Strum My Strings.

Dear Millions,
Another day, another question. What is the difference between six and twelve-string guitars. Now before you answer that one has double the strings, I want to know what the practical difference is, and why there are some whith twelve. A richer sound prehaps?
Secondly, what is a steel stringed guitar?
H. J.

The strings are arranged in six pairs, not twelve individual strings so it’s played similarly to a six string. IIRC some of the pairs are the same note but some are an octave apart - same letter note but a doubling or halving of the frequency. This gives a different and more complex tone than a six string.

Steel strings are just that, steel as opposed to nylon or gut on a classical guitar. It’s not just a matter of putting a different kind of string on a guitar as steel strings require a much stronger top and neck to not warp under tension. Many other big differences. A classical guitar has a shorter scale and much wider neck. The fingerboard is flat and the neck has a very retangular cross section. The neck joins the body at the 12th fret, almost the exact middle of the string.

Steel stringed guitars have narrower necks with a fair amount of curve in the fingerboard across the neck with a more semicircular profile to the back of the neck. The neck usually joins the body at the 14th fret.

The lower four string pairs (EADG) on an acoustic twelve string consist of a normal wound string and an overtone string tuned an octave up. The high strings, (normally unwound) are just doubled. The lightest guage string on the whole business is the G overtone string.

Guages for Martin phosphor bronze light guage twelve string sets:

.012(.012) / .016(.016) / .025(.010) / .032(.014) / .042(.020) / .054(.030)

Other manufacturer’s string guages will be in the same ballpark.

The overtone strings impart a nice extra “ring” to chords. The basic techniques are the same, but there are some things that sound lovely on a 12, and some that just don’t work. Every so often I get “12 string”-itis and think about buying one.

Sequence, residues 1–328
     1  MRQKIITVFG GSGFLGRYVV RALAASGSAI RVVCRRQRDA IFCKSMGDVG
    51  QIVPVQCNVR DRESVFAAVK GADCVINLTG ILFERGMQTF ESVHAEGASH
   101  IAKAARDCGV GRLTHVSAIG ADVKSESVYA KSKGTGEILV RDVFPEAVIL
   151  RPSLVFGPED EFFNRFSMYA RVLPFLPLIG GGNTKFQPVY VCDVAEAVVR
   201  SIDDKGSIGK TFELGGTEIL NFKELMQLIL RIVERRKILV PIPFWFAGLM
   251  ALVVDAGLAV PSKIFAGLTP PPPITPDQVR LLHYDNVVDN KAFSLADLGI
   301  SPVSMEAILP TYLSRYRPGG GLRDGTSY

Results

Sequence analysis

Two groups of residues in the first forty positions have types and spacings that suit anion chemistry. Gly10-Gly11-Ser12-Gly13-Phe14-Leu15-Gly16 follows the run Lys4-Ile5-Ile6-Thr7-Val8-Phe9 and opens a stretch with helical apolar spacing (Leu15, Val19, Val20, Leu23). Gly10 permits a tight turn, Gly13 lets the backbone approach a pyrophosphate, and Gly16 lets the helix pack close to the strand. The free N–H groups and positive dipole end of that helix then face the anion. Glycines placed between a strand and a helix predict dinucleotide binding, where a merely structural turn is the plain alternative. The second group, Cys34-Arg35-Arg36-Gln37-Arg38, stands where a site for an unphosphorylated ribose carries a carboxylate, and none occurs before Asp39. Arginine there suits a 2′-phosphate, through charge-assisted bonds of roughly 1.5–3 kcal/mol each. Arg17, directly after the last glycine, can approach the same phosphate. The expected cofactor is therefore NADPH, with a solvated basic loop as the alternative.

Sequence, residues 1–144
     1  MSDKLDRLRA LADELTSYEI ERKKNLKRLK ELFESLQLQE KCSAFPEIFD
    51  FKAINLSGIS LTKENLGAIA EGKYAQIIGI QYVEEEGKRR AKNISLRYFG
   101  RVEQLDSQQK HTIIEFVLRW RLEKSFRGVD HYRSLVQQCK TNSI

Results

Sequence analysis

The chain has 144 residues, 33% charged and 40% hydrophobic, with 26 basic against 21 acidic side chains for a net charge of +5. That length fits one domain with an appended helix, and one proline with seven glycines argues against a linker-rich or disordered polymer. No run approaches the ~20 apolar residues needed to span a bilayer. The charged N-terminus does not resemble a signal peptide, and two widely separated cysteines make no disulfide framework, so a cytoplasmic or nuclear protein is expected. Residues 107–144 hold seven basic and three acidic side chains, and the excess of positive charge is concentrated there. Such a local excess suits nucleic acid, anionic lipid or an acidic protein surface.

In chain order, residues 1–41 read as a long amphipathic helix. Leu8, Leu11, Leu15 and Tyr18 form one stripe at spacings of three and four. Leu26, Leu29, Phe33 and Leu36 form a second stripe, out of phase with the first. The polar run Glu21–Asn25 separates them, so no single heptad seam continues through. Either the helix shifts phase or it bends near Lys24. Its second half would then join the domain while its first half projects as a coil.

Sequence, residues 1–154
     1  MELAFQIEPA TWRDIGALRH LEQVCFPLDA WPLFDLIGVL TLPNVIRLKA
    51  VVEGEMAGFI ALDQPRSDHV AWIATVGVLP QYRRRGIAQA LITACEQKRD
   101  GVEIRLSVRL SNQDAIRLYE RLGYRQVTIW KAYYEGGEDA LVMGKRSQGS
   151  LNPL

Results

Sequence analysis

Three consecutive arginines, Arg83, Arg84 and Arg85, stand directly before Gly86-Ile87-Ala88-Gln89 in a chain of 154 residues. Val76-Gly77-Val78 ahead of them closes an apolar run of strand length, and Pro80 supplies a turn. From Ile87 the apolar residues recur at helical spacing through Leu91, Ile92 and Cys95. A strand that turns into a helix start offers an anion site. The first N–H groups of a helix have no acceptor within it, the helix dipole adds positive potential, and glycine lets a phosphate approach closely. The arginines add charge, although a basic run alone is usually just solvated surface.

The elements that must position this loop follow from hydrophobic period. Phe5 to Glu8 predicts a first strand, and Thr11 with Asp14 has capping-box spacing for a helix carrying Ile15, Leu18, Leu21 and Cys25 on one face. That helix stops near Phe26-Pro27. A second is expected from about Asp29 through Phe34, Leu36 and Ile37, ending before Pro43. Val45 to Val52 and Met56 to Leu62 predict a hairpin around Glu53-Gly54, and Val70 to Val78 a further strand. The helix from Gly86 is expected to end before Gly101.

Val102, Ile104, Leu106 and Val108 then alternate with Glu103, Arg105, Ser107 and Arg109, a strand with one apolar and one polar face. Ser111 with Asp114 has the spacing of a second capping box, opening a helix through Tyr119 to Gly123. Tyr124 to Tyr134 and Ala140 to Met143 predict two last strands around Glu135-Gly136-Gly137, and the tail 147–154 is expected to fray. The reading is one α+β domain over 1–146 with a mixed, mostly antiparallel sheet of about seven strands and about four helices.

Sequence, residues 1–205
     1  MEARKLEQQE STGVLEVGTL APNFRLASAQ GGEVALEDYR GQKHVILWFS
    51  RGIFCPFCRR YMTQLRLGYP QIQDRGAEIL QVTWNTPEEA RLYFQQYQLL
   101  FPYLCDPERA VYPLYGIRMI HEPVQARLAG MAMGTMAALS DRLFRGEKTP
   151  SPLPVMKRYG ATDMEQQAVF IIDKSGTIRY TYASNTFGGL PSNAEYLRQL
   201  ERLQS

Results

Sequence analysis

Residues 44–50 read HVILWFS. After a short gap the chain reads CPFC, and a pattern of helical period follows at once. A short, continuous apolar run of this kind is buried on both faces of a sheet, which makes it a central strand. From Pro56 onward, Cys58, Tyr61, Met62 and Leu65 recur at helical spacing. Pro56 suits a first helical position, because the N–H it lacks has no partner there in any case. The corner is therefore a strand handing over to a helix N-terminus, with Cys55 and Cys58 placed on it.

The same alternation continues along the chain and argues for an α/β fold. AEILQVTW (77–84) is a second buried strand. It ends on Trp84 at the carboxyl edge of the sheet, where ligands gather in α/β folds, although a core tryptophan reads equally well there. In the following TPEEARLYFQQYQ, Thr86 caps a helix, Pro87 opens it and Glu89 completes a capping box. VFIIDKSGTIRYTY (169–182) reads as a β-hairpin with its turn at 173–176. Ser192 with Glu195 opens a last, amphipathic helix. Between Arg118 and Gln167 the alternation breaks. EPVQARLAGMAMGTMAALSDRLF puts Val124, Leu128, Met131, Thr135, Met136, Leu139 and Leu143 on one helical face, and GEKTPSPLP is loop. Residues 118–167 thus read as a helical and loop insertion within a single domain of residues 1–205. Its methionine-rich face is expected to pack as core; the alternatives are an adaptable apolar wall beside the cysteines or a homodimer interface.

Roger McGuinn’s trademark “swirly” sound on early Byrd’s records was done with an electric 12 string - he played a Ricky.

Some guitarists think the extra strings on the 12-string make the notes and chords sustain less or otherwise not work so well. So in the studio, some have been known to double-track a regular six-string with another six-string strung light and tuned to the higher tones of the six string, i.e., with the low E, A, D, and G strings tuned up an octave. They claim the two double-tracked six strings makes for an even richer sound than a 12-string.

General agreement with all of the above, with one addition:

Some “steel guitars” don’t LOOK like guitars… think country music. Sometimes they stretch the steel strings over a pickup on what looks like a small table, so intead of looking like a standard guitar, it looks like a funky kind of {url=“http://www.steelguitar.com/webpix/stdpix/d10ebapr.htm”]keyboard…

Gives a whiney-kinda sound when played right…:stuck_out_tongue:

Damn! keyboard

Sometimes also referred to as a “pedal steel” because they are equipped with pedals to change the chord produced by the strings. This picture on that same site gives a better view of the pedals:

http://www.steelguitar.com/webpix/custpix/d10blkbe.html

I’m not a pedal steel player, so I can’t tell you what typical string tunings and effects of pedals are. I do know that there are about as many variations as there are pedal steel players. And yes, this instrument produces the typical sliding “wha wha wha” whiney sound you associate with Country Western. I think it is an interesting, and vastly underexplored instrument.